Monday, November 28, 2011

Deconstructing Fear

What makes the hair on the back of your neck stand on end? Or your palms sweat? Gives you nightmares? Everyone's at least a little scared of something whether its heights, snakes, the dentist, or your Aunt Mildred's kisses.

From a scientific standpoint and contrary to public opinion, fear isn't just driven by raw emotion. It's an evolutionary response aimed at avoiding danger. You've probably heard the phrase “fight or flight” for the choice we all face: stand or run. But in reality, we don't just have an “either or” decision. When facing something unpleasant, we can also choose to understand. For me personally, I've learned that by understanding my fears, I'm in essence better understanding myself. But first the back story...

It starts with an irrational phobia of drowning. Which is completely silly becase I swam at the neighborhood pool every summer growing up. With each passing year, I somehow convinced myself that the neighboorhood pool is the only safe place to swim, and that my upper body strength couldn't handle other natural bodies of water like oceans, lakes or rivers. Currents meant surefire death.

Here I am clinging to life with 2 floaties and a life jacket. 

Finally after about 15 years, it was time to prove myself right or wrong. I enrolled in swimming classes and decided to conquer Lake Crescent.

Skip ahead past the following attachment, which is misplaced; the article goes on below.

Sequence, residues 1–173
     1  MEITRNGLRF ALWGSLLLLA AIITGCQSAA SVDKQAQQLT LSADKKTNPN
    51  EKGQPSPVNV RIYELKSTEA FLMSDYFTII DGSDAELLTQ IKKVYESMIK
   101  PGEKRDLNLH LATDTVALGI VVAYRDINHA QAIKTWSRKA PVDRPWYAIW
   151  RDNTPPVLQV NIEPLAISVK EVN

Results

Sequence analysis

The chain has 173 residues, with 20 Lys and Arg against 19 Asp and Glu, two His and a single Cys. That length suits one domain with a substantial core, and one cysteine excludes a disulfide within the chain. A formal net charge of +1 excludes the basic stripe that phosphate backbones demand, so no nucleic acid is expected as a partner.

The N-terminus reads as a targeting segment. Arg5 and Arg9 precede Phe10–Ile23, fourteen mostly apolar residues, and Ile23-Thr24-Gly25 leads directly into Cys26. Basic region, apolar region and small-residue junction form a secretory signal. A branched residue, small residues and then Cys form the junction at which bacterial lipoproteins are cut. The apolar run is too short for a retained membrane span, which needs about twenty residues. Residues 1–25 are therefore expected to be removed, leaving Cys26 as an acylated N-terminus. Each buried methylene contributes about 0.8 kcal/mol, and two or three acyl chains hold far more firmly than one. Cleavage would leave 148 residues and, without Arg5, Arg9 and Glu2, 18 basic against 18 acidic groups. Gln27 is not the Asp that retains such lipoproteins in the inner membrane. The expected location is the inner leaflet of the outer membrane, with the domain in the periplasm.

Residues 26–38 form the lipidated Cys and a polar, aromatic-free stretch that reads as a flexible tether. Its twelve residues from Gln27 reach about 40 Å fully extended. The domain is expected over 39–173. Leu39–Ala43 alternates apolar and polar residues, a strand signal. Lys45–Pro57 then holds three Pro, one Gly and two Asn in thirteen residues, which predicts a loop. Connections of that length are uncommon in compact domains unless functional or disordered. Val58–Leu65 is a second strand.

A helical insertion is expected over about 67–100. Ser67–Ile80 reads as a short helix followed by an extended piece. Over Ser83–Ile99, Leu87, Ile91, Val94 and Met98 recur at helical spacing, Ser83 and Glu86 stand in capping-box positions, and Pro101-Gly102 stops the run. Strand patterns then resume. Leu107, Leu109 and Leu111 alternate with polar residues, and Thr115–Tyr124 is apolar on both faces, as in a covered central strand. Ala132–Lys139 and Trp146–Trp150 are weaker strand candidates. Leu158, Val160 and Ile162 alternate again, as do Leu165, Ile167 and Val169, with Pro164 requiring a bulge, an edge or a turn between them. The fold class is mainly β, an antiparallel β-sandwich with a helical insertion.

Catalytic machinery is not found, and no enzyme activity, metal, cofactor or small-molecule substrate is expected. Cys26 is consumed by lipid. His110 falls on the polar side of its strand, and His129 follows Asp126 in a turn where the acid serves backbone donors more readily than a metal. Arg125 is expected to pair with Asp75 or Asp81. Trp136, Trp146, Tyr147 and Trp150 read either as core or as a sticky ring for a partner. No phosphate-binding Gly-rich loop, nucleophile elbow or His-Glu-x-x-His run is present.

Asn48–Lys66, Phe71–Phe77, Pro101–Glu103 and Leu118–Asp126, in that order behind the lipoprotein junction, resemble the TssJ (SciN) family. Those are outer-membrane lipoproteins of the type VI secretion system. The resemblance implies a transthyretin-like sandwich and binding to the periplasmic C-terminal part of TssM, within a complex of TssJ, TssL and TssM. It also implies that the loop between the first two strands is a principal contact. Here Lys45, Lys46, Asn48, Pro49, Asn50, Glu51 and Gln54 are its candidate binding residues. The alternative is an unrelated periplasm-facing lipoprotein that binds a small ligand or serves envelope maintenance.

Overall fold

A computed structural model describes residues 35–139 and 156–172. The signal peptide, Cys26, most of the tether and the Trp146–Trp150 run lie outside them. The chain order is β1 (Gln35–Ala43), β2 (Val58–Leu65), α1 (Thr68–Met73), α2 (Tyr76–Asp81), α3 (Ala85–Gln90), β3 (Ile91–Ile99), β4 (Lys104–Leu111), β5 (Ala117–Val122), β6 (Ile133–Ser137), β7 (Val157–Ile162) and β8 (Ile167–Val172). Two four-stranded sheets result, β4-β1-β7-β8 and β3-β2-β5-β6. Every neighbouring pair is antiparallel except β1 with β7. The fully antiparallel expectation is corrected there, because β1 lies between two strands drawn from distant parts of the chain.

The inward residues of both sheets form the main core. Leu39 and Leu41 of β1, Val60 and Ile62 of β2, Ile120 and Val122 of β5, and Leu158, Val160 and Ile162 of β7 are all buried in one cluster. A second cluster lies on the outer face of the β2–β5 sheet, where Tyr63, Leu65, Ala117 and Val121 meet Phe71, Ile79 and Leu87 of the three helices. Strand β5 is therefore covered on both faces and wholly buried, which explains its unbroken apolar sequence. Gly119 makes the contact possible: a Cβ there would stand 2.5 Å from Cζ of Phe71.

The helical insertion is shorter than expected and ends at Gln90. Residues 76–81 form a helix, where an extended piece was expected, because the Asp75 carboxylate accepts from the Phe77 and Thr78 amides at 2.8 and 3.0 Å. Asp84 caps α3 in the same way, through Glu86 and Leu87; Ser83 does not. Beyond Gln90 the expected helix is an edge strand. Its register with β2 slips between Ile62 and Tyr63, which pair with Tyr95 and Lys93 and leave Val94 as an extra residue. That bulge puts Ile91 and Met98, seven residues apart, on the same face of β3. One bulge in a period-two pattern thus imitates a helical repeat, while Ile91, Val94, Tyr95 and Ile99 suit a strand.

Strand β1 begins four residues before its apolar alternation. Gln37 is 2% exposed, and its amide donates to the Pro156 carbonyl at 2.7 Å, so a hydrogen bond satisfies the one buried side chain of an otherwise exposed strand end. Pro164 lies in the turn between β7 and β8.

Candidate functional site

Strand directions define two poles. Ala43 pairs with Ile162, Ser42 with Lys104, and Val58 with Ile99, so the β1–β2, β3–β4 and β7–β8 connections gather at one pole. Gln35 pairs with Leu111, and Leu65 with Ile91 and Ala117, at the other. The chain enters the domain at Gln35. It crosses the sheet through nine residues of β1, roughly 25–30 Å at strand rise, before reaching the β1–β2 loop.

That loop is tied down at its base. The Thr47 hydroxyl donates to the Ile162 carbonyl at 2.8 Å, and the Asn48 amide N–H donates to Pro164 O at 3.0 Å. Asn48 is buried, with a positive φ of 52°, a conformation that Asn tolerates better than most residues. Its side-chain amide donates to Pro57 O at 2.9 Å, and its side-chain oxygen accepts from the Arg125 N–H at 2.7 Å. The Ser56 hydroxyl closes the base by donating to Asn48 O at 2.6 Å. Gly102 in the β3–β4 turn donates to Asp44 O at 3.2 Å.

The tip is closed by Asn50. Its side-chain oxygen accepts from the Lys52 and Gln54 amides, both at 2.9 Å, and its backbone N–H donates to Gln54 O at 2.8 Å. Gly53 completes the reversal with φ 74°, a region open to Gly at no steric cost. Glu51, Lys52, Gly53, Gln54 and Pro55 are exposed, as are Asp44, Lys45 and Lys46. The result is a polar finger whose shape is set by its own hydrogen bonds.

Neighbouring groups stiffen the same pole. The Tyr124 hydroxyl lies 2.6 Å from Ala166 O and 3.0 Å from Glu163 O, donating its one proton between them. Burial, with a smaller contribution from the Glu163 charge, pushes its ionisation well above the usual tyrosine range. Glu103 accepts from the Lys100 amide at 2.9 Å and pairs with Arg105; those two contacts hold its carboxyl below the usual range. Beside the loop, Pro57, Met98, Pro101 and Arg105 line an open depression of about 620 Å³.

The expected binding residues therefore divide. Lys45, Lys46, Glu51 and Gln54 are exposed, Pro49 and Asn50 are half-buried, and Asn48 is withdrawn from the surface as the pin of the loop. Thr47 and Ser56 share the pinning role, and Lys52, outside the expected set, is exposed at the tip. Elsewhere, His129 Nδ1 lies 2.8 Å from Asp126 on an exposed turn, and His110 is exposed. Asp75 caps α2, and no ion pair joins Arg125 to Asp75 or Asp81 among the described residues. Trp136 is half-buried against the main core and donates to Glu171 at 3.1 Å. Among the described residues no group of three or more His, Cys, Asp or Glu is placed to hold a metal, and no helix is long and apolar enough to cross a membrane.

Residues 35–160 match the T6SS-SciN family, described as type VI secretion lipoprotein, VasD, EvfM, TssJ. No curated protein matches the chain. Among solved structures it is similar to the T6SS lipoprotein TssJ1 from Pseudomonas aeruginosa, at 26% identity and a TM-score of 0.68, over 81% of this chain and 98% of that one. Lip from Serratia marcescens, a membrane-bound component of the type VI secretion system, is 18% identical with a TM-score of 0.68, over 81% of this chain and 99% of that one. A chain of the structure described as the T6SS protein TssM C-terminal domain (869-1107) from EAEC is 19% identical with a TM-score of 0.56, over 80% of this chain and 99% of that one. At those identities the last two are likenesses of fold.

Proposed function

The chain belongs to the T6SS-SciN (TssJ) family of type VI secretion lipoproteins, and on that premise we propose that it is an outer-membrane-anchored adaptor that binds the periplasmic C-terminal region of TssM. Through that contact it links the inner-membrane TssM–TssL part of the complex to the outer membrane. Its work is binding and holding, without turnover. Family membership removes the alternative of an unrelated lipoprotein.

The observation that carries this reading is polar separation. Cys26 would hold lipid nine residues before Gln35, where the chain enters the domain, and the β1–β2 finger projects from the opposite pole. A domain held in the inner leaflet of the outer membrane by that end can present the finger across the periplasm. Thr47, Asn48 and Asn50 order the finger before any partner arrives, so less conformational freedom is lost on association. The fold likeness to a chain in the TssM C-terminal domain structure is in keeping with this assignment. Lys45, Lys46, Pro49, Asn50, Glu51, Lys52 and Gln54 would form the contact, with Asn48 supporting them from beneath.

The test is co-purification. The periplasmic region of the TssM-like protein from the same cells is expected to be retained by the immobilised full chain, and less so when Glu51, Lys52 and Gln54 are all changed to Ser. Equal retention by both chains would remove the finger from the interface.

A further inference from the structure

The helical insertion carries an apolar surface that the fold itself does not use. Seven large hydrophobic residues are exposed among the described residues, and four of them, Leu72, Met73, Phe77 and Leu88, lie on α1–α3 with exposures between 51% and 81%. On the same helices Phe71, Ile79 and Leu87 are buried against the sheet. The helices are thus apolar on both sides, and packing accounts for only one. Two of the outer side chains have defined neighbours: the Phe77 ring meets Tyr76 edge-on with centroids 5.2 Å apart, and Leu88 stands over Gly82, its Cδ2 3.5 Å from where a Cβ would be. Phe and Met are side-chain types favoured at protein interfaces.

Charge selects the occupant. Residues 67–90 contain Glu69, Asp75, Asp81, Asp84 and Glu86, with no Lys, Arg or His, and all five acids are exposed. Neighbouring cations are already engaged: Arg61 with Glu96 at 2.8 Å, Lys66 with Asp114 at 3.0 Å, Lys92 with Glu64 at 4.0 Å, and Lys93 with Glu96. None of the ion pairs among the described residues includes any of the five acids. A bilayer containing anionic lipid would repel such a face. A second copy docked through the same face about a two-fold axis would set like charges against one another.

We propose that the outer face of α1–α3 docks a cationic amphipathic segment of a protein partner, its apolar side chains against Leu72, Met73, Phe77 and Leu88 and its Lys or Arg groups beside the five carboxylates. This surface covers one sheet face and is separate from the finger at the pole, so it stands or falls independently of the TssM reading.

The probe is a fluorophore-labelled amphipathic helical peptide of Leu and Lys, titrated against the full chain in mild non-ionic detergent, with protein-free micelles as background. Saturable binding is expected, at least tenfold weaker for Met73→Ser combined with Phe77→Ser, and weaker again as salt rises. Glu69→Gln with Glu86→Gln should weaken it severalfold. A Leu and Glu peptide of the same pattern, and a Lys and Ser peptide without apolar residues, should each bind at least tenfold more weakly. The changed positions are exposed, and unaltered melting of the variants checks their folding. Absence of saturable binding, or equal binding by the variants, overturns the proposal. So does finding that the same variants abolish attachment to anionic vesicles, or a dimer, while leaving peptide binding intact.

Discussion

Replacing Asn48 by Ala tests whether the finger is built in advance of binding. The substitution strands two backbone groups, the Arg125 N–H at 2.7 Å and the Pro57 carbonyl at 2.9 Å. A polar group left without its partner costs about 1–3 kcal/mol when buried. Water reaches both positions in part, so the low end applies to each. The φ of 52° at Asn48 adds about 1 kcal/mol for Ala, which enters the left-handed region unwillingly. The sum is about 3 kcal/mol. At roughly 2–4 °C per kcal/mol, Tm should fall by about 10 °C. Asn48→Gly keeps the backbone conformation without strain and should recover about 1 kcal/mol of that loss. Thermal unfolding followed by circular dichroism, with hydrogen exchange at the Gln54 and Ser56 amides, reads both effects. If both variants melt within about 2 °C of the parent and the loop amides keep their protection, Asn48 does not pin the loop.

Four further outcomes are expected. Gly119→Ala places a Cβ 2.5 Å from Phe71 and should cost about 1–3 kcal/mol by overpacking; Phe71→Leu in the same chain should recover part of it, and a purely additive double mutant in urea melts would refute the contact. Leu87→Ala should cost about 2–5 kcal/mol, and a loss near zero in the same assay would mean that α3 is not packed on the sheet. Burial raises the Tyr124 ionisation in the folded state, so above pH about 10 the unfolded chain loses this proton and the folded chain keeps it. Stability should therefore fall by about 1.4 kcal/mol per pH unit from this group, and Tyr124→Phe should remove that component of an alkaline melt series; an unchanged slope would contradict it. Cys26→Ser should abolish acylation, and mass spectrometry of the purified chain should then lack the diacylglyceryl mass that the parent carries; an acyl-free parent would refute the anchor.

The result: pride. Confidence. Amusement at how silly my fear was. It was only when I embraced the risk of drowning that I realized my only true fear I was the one holding myself back with insecurity and shame. Only I had the power to change; only I could end the torment.

We all share very diverse and complicated fears. Overcoming them may not be nearly as simple as in my example, but an attempt to at least understand can mean progress and healing. But where to start? Deconstructing fear means unburying it, which takes energy, hard work, and pain. Only you can decide whether it's worth it, and only you can figure out the process.

In my case, I'm taking baby steps. Swimming was my first deliberate hurdle. Now that I've tested the waters, it's time to apply my learning onward to more complex fears. In the school of Me, I happily graduate to the next level.  

Thursday, November 24, 2011

If today were the first and last day of your life...

Celebrate Thanksgiving by watching this beautiful TED talk from Louie Schwartzberg.

There's an inspiring quote I'll be mulling over as I share a delicious meal with friends, "If you learn to respond as if it were the first day in your life and the very last day, then you will have spent this day very well."